Operational Minimization

BCI field technicians collecting data on a bat carcass
Photo Courtesy of Cris Hein

Currently, the most effective method of reducing bat fatalities at wind turbines is to employ a strategy known as operational minimization, alternatively known as curtailment. This strategy limits blade rotation, the primary cause of bat fatalities, during high risk periods (e.g. low wind, fall migration period). Bat Conservation International, under the auspices of the Bats and Wind Energy Cooperative (BWEC) was the first to test this strategy in the U.S., demonstrating that bat fatalities could be reduced up to 93 percent. Estimated loss of wind generation was 1–3% of the annual power production. The actual power loss can vary by site and effect power purchase agreements, that is why BCI and others are investigating ways to optimize this strategy to make it more economically viable, and developing alternative strategies, such as Ultrasonic Acoustic Deterrents

Operational Minimization: A twofold strategy of feathering turbine blades (i.e., positioning the blades parallel to the wind) and raising the wind speed at which the blades begin spinning and generating electricity (aka the cut-in speed) to slow rotation at lower wind speeds.

Raising the cut-in speed (the wind speed at which the spinning turbine blades begin to generate electricity) by 4.9 to 9.8 feet per second (1.5 to 3.0 meters per second) above the manufacturer’s preset speed is an effective impact reduction strategy because most bat fatalities occur at relatively low wind speeds. Thus, keeping the blades from spinning until wind speed reach 16 to 20 feet per second (5.0 to 6.0 meters per second) can significantly reduce bat fatalities for relatively little loss in power generation - since at many sites the majority electricity is generated at higher wind speeds.

There is even an opportunity to reduce bat fatalities with little to no loss in power. By simply feathering the turbine blades (pitching them parallel to the wind so they are moving slowly) below that preset speed, bat fatalities can be reduced by an average of 35 percent. In fact, this is a supported best management practice by the American Wind Energy Association (AWEA) and a mitigation measure in the World Bank’s Environmental, Health, and Safety Guidelines for Wind Energy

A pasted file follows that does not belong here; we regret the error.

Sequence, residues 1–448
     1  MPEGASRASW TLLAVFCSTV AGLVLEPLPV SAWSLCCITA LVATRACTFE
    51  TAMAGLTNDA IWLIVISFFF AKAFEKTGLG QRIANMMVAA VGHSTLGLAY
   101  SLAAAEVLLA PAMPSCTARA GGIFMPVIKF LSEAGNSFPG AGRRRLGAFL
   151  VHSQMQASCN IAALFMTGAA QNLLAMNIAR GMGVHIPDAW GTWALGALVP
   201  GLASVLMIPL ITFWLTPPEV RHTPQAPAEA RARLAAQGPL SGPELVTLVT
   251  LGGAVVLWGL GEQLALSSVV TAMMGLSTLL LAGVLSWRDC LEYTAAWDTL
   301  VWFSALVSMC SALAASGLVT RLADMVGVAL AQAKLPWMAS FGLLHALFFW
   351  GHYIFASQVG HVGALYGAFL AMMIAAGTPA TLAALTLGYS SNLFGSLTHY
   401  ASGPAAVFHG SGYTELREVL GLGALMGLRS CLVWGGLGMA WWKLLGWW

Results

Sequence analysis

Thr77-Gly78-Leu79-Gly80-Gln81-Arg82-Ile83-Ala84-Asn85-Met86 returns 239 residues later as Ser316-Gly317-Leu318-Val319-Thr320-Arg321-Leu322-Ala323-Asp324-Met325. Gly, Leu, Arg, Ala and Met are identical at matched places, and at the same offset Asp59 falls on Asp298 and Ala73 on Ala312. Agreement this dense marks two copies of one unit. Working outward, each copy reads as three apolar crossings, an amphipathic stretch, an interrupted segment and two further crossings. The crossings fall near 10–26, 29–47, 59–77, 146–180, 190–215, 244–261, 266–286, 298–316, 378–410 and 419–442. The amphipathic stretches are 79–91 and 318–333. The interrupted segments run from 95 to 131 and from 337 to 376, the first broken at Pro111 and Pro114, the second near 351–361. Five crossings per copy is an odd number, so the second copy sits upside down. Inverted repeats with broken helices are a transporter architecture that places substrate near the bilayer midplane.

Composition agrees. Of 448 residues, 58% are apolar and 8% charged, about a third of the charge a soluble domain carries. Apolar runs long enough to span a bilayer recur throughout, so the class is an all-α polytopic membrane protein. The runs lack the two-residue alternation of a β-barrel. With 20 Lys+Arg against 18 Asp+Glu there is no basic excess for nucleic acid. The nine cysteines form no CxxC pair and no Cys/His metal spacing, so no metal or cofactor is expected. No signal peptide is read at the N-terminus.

A great deal of the work BCI has been pursuing in the wind arena in recent years requires a better understanding of how, why, where, when, and which species of bats are killed at wind facilities, with the aim of a more precise operational minimization strategy that has minimal impact on electricity generation.

Wind facility at sunset
Photo Courtesy of Michael Schirmacher

Cris Hein, Director of BCI’s wind energy program, said he thinks it’s very possible to devise even more specific operational minimization recommendations. But it requires much more information—including details like the exact time of night bats tend to interact with wind turbines, weather data, such as temperature and barometric pressure, and exact wind speeds and direction.

"In my mind, you couldn’t ask for an easier fix,” Hein said. “In most situations, it’s only required at night, under certain wind conditions, and for a couple months out of the year. Even at a core scale, that’s pretty well refined. But we’re trying to see if we can narrow it down even more, by looking at other variables the industry could use to reduce the conditions under which curtailment should be used.”

“We do have a collaborative relationship with the industry, and this is an opportunity to work with them to find a solution,” Hein said.

However, currently only a few wind energy facilities implement operational minimization unless they developed Habitat Conservation Plans with the U.S. Fish and Wildlife Service. Though an effort by the wind industry and the U.S. Fish and Wildlife Service to develop a multi-state Habitat Conservation Plan covering eight states in the Midwest is currently under review.

“We have the goal of working collaboratively to resolve this issue that meets everybody’s needs,” Hein said. “Not only BCI’s goals of protecting bats, but also in being able to generate renewable electricity. But until we can find a solution that’s accepted by the conservation community and federal agencies, and is cost-effective enough for the industry to buy into, we have our work ahead of us.”

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